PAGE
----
Forever Friends? Holding Onto Friendship Past Its Sell-By Date
Recently I’ve been thinking a lot about friendships. Pondering the reasons certain people come in and out of our lives for certain periods of time, whilst others stay for the long haul.
There’s a well know quote which states that “People come into your life for a reason, a season or a lifetime.” I wonder if we truly embraced this message and reevaluated the concept of friendship, would it lessen the sadness when friends step out of our lives for good?
Perhaps rather than mourning the loss of that person we could take a step back and look at the bigger picture. Try to figure out why this person was in our lives for that period of time, what lessons we learned from them. In framing the end of a friendship with compassion perhaps it can lessen the heartache when the flame of friendship extinguishes itself.
Of course, it is nearly impossible to know why someone enters your life at that moment; it’s even more difficult to know if they will be sticking around for the long haul. It’s usually not until much later in life that you figure out the reason for that friendship, what it taught you, how it helped you grow.
From personal experience, instead of dwelling on the pain of whether to say goodbye to a friendship or to keep working on it, I’ve found it cathartic to look into the deeper meaning behind it. To ask myself whether that person is in my life for a reason, a season or a lifetime.
Friends for a Reason
This is an interesting category of friendship in that you usually don’t know they have come into your life for a particular reason until after the fact. Sometimes they have come to assist you through a difficulty. I recall many years ago working with an extremely difficult boss who I might possibly have murdered if my co-worker wasn’t there to talk me down from the ledge.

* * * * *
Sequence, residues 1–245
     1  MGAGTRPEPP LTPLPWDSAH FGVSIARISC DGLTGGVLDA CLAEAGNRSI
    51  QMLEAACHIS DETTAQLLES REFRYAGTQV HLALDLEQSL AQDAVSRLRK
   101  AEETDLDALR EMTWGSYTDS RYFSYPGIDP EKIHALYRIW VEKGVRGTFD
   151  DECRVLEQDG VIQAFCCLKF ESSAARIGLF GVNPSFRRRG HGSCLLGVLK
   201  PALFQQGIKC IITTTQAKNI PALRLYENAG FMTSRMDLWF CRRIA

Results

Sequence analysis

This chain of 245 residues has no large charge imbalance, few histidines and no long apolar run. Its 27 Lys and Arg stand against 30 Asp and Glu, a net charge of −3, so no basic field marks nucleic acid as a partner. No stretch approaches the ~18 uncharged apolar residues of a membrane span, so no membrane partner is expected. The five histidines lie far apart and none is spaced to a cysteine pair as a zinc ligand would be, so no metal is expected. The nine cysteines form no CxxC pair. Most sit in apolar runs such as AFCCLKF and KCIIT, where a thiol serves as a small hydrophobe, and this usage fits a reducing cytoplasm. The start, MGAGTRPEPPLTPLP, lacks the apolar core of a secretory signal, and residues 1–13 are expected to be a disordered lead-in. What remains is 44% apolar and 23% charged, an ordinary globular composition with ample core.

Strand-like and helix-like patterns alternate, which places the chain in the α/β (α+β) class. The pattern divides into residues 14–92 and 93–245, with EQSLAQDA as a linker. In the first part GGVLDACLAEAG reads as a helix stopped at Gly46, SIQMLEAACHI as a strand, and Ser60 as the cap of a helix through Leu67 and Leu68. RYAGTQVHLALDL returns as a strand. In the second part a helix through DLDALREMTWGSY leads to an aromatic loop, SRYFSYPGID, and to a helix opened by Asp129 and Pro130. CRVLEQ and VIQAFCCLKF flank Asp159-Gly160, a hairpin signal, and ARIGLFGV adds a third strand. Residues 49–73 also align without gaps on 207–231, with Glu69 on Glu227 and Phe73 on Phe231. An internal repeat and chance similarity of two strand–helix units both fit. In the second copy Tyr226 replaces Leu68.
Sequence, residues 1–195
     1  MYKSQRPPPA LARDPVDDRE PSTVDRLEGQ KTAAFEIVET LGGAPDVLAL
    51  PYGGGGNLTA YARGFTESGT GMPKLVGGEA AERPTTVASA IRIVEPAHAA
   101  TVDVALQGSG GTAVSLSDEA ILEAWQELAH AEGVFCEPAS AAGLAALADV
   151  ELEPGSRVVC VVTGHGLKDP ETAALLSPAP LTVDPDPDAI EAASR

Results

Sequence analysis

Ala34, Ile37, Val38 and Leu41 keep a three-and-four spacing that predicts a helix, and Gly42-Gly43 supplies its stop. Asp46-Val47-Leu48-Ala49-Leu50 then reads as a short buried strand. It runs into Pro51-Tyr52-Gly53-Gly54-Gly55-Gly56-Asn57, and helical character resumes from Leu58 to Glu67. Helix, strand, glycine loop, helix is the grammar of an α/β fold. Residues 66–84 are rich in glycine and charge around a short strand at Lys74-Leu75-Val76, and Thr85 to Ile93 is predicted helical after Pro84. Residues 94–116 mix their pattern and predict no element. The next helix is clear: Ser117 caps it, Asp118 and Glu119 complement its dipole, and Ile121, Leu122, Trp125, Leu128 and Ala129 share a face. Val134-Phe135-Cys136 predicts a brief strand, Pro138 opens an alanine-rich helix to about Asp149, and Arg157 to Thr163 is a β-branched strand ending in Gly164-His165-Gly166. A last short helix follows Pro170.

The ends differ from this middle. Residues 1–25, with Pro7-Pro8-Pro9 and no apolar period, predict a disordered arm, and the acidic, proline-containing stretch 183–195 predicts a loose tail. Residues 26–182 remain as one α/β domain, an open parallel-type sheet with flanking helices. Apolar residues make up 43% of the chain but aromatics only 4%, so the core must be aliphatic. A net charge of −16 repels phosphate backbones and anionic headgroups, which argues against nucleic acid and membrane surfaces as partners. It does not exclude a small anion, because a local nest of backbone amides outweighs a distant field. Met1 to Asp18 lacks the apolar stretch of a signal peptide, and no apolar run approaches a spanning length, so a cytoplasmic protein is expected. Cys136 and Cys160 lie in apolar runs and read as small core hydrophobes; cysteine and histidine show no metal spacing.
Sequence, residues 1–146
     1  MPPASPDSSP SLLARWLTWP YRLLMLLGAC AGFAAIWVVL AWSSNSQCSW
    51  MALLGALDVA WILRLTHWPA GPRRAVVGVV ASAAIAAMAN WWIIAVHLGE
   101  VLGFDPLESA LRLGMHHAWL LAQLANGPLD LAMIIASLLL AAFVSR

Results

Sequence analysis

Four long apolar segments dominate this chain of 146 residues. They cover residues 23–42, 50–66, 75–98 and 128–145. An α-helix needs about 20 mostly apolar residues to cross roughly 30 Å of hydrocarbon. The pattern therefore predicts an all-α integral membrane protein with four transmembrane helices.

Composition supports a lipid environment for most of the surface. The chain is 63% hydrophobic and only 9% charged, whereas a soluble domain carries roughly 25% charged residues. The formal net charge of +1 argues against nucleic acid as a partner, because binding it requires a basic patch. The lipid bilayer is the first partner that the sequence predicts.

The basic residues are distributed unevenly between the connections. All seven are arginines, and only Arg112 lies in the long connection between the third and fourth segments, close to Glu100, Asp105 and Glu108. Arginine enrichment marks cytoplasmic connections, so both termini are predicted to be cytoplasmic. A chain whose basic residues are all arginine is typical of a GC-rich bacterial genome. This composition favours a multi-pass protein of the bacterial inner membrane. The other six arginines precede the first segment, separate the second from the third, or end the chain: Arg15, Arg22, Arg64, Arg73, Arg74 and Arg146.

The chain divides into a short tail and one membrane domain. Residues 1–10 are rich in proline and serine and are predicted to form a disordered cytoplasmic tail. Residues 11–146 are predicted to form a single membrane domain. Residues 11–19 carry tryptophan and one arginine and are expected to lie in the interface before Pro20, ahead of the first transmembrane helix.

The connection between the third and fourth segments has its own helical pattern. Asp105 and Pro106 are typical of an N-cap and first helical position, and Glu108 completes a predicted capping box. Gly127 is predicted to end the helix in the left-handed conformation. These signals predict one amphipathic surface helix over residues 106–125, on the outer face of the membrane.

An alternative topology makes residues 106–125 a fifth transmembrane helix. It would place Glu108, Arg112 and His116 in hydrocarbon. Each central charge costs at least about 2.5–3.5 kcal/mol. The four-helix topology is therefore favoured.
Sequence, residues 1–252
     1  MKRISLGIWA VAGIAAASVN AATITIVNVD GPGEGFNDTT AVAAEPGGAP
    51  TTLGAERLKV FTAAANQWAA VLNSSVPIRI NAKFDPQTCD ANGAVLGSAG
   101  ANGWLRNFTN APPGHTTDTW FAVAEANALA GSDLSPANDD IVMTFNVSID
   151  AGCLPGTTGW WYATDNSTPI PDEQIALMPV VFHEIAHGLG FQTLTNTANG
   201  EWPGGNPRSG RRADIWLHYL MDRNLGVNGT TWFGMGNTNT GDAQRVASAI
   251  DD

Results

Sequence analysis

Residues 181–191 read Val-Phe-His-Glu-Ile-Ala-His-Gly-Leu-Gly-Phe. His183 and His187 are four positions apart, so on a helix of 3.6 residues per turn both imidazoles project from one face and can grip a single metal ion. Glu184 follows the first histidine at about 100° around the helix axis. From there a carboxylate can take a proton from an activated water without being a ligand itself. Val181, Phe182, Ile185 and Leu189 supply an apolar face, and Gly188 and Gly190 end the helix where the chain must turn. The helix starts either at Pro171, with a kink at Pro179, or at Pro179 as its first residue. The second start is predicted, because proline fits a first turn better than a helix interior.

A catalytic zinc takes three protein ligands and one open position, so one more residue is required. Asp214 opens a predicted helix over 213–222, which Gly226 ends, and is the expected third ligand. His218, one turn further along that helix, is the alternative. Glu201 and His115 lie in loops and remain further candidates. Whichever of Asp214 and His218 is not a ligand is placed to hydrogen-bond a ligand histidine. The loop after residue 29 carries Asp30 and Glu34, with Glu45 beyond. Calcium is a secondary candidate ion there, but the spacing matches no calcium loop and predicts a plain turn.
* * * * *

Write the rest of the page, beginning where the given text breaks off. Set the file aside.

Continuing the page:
I’m quite certain that if it wasn’t for her kindness and humor I would have quit my job and therefore missed out on the amazing opportunities it provided much later down the road. Sometimes these friends teach you a valuable lesson or introduce you to a new hobby that eventually becomes one of your passions. In short, they enter your life to meet a certain need you didn’t even know you had to express, and oftentimes, once their work is done they move on.
Friends for a Season
These types of friends typically show up to teach you something about yourself, to help you grow or learn. This type of friendship manifested itself at a point in my life when I was struggling with my shyness and finding it difficult to connect with people. Through her lighthearted approach to life, this friend demonstrated first hand the power of opening your heart to people. To trust in the kindness of strangers and to be vulnerable.
Interestingly enough, when I first met her I didn’t warm up to her, unbeknownst to me at the time it was because she was mirroring characteristics that I’d hidden deep within me and secretly wanted to unleash. Her infectious spirit taught me not to be so serious about life, and for that lesson, I am eternally grateful. Whilst our friendship might not last forever I know that the lessons she taught me will always remain in my heart.
Friends for a Lifetime
These types of friendships are the big guns. Usually involving the people in your life with whom you feel a deep lasting connection. Whether it’s a partner, a best friend from childhood or someone with whom you share an unspeakably close bond; they are in it for the long haul.
One of my lifetime friends has been in my life since I was an awkward teenager. We no longer live on the same continent and sometimes only speak a handful of times a year, yet when we do it’s as if no time has passed. We are unspeakably honest with each other and there is something magnificent about having a friend who has seen you grow and morph into the person you are today, someone who you can be unabashedly yourself with.
By developing an understanding that friends are in our lives for a particular reason it can set us free from disappointment and expectation. If those times come when you notice a chasm opening up in your friendship, creating an ever-widening distance between you, the urge to hold on tight dissipates in the knowledge that the friendship has served its purpose.
Instead, there is a sense of gratitude for the experiences each of you brought into each others’ lives. A gratitude for those friendships that do stand the test of time; those friendships that bring a sense of unwavering joy between you because it is intrinsically understood that you are always meant to be in each others’ lives.
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